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Museum of Motherhood Leaving UES to Start Search for New Nest

 The Museum of Motherhood's Upper East Side location will close in March after two years in its current space.
The Museum of Motherhood
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UPPER EAST SIDE — A museum that honors all things maternal will close the doors of its Upper East Side location in the coming months and begin searching for a new nest.

The Museum of Motherhood, or M.O.M., will leave its E. 84th Street home when its lease runs out in March, with the hopes of raising $5 million to find a permanent space for the 2-year-old institution by the end of 2015, said founding director Martha Joy Rose.

“We’re still really in our infancy,” Rose said of the transition. “We’re a beautiful idea and experiment that’s ready to launch in a more permanent way on the New York City landscape.” 

M.O.M. has grown from a storefront experiment in Westchester to a full-fledged Manhattan museum in the decade since Rose first conceived of the idea. In 2003, she began displaying books and “momorabilia” — a big get was a spatula signed by Bette Midler — in her small Dobbs Ferry store before realizing that while there were museums for all sorts of arcane subjects (toilets, UFOs) there wasn't a space dedicated to exploring motherhood. From there, she developed her initial display into a traveling exhibit that she showcased at various events and online.

In 2011, the owners of an Upper East Side Gymboree at First Avenue offered Rose a space they were vacating as a four-month pop-up museum. Fittingly, she opened on Labor Day weekend with an exhibit entitled “Mother the Job.”

“When I went into this, I knew nothing about museums,” she said. “I just knew that I was a mother and an artist and I knew that there was something to this idea of telling mothers’ stories.”

Thanks to the outpouring of support from academic institutions and organizations such as Gymboree and the YWCA, Rose was able to stay in the space for 16 months beyond the original timeframe.

Since then, M.O.M. has functioned as a gallery space, classroom and clubhouse for all things related to child rearing, offering programming that ranges from lactation consultants to Munchkin Music Club. One room houses the permanent exhibit, another provides a playspace for kids. The museum hosts an academic conference, offers an "Introduction to Mother Studies" course and maintains a lending library.

There are kitschy touches, too, like weighted pregnancy vests to try on, realistic crying dolls and posters advertising Rose’s band, Housewives on Prozac.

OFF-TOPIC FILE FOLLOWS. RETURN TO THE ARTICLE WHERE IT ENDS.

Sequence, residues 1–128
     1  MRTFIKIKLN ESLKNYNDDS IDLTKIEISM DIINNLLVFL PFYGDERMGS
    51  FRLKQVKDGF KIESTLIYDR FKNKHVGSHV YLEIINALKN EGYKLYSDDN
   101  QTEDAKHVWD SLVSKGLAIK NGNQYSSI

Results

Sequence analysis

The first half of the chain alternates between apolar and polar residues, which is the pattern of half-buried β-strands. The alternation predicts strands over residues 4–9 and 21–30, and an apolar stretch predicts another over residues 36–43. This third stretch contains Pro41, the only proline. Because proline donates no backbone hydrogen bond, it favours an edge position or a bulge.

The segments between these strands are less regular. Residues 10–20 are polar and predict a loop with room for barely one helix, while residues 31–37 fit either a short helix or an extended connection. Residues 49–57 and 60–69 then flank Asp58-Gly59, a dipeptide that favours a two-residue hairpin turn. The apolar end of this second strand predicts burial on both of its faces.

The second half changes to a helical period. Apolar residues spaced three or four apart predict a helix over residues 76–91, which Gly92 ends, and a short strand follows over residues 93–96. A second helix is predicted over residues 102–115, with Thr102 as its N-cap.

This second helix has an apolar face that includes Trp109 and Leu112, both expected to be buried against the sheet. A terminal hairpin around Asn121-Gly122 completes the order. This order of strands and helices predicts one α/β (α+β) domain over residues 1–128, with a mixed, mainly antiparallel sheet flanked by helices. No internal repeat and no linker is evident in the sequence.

It's an unusual mashup designed to expand the conversation, Rose explained.

“This is meant to push the boundaries of what we thought was acceptable in terms of motherhood and to start a dialogue about what’s appropriate, how do we do this, when do we do this,” she said.

The museum's current exhibit, “Nurture” by Cyma Shapiro, explores what motherhood is like for women who have or adopt children after the age of 40. Shapiro said that having spaces like M.O.M. is vital to society's changing understanding of the role of mother.

"Places like the M.O.M. museum bring home the message that motherhood is no longer just the 'Leave it to Beaver' model," Shapiro said. "I hope that the work we're doing now will be a stepping stone for the next generation so that women have lots of different models of choices for fulfilling lives."

In 2013, M.O.M. received support from the Museum Assessment Program, which helped Rose create a business plan and develop relationships with mentors in her field. During this process, she also came up with her fundraising goal.

The $5 million she seeks will go toward purchasing a building, possibly a brownstone or a larger building in need of some renovation, Rose said. She is open to staying on the Upper East Side, but is also looking at the Upper West Side, Harlem and parts of The Bronx. As she hunts for a space, the museum's displays may travel; Manhattan College has expressed interest in hosting an exhibit.

Rose has not yet settled on a development strategy for the museum’s next stage, but expects that funding will come from a combination of grassroots donors, grants and a few corporate investors.

"We've been staffing the museum largely with interns so we feel confident that we can keep our programs going," she said of how the funds will be distributed. "Right now, we're really focused on real estate and finding a permanent space."